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Women and the Canadian Welfare State

Women and the Canadian Welfare State: Challenges and Change

Copyright Date: 1997
Pages: 400
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  • Book Info
    Women and the Canadian Welfare State
    Book Description:

    Explains not only how women are affected by changes in policy and programming, but how they can take an active role in shaping these changes.

    eISBN: 978-1-4426-8354-9
    Subjects: Sociology

Table of Contents

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  1. Front Matter
    (pp. i-iv)
  2. Table of Contents
    (pp. v-vi)
  3. Acknowledgments
    (pp. vii-viii)
  4. Tables
    (pp. ix-x)
  5. Contributors
    (pp. xi-xii)
  6. Part I: Welfare State in Transition

    • 1 The Shifting Terrain of Womenʹs Welfare: Theory, Discourse, and Activism
      (pp. 3-27)

      The idea for this book began several years ago at a time when the steadily consistent, but relatively quiet erosion of the Canadian welfare state during the Mulroney government, was well advanced. By the time this book is in the hands of readers, this ʹsocial policy by stealthʹ (Gray, 1990) approach has been replaced by explicitly articulated, rapidly paced, and radical changes. Against a background of economic restructuring, globalization, and the overriding imperative of deficit reduction, the Canadian ʹwelfare stateʹ is in retreat. This retreat continues a direction that has been apparent since the mid-1970s and one that advanced significantly...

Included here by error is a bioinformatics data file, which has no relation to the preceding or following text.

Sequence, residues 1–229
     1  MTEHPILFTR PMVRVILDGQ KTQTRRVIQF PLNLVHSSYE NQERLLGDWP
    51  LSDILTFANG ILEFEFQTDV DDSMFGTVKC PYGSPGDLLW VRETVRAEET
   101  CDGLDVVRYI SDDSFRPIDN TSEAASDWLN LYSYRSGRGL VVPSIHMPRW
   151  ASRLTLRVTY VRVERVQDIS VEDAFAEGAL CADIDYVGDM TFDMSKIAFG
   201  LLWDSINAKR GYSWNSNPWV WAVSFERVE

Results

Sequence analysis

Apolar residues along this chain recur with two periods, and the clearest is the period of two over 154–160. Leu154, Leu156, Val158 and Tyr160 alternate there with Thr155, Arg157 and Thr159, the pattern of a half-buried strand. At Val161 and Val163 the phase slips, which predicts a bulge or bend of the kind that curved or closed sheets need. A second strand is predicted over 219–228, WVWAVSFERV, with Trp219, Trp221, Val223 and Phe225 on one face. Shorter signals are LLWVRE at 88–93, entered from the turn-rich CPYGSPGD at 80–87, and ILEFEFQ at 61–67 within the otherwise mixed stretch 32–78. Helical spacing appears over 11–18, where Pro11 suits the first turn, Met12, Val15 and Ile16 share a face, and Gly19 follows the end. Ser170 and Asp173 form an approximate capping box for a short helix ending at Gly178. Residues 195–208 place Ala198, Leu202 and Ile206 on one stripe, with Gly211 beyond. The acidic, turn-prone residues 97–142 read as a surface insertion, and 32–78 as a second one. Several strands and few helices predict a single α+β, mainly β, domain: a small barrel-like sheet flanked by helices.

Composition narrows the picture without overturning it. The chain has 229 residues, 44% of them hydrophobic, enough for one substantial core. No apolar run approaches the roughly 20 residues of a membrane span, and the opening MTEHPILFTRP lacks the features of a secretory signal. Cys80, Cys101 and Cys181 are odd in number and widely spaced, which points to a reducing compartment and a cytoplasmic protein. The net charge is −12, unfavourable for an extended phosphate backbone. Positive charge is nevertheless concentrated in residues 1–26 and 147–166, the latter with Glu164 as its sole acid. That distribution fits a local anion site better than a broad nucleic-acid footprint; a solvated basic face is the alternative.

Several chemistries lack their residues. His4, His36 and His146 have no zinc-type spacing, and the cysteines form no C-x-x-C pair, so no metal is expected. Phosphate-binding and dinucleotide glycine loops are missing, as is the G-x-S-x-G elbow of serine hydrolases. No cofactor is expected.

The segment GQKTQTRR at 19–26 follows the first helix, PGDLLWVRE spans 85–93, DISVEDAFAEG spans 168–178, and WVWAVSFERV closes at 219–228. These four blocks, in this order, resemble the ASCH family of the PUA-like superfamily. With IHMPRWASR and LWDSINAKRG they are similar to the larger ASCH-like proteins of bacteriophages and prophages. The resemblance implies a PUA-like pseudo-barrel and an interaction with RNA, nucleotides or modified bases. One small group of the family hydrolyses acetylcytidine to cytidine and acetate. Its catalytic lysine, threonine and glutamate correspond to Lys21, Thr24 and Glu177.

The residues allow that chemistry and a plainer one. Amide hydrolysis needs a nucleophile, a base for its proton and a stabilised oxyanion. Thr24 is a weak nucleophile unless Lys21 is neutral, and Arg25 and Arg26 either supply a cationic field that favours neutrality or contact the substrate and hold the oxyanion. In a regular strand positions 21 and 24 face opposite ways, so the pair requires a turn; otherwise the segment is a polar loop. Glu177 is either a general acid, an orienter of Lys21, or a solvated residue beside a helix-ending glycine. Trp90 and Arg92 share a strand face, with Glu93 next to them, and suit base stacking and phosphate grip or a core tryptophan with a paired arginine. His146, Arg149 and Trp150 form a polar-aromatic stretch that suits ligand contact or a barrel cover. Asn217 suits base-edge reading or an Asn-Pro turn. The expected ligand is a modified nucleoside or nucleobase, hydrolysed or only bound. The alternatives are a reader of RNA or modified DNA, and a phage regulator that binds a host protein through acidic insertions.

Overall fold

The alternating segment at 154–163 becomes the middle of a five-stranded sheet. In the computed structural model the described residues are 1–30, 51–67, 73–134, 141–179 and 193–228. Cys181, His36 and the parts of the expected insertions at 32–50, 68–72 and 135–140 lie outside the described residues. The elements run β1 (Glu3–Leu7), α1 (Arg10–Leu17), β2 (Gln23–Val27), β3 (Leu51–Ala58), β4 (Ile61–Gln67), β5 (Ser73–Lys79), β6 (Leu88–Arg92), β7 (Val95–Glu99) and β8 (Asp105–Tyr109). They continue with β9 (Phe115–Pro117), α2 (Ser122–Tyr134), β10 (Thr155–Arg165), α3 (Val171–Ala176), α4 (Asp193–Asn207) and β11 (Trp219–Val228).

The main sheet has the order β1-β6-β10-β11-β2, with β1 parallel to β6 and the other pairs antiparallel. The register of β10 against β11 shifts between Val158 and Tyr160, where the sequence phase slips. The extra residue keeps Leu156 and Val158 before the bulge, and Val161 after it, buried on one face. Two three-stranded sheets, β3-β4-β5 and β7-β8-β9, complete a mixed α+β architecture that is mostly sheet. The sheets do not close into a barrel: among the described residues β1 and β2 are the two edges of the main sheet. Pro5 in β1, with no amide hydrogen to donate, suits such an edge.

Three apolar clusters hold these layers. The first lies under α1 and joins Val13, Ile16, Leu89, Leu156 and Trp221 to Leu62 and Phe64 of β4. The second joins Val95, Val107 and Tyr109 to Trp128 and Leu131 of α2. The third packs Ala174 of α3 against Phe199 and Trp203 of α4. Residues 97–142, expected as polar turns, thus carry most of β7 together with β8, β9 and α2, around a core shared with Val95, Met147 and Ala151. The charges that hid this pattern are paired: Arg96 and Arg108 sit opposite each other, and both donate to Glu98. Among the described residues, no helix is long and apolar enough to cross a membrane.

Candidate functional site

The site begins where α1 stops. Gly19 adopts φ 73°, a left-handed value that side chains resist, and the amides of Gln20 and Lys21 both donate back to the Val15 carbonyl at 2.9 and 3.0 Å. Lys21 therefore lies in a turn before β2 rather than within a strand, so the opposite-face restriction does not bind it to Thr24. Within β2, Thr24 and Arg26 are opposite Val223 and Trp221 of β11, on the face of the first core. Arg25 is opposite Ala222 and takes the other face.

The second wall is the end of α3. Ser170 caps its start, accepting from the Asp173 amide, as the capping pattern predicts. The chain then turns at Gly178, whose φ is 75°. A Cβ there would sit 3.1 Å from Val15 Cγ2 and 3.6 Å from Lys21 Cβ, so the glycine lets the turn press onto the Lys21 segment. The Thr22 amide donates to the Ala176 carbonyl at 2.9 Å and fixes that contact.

• 2 From the Welfare State to Vampire Capitalism
      (pp. 28-68)

      Social policy as a progressive force has been more or less dead in Canada for the past ten years.¹ The optimism of feminists in the 1970s – that government policy could be changed to reflect womenʹs needs – has been replaced by the desperate realization that even the few redistributive gains women worked so hard to achieve are being reversed.² Womenʹs political activism focused on the state continues, but it is activism to hold on to what remains of the welfare state.³

      The relationship between women and the welfare state has been an ambiguous one, and feminists are now in...

  7. Part II: Challenging the Bases of Claims

    • 3 Creation Stories: Social Rights and Canadaʹs Constitution
      (pp. 71-90)

      In this essay, I set out to examine the constitutional entrenchment of social rights as a strategy to advance social justice and, in particular, to redress the material and social inequalities which characterize womenʹs lives in Canada. The issue of entrenched social rights came to the forefront of public debate in Canada during the negotiation in 1992 of the Charlottetown Accord proposals to amend the Constitution. Part III.1 of the Accord contained recognition of a number of governmental commitments to social policy objectives. The Accord proposals fell far short of the inclusion of a charter of social rights called for...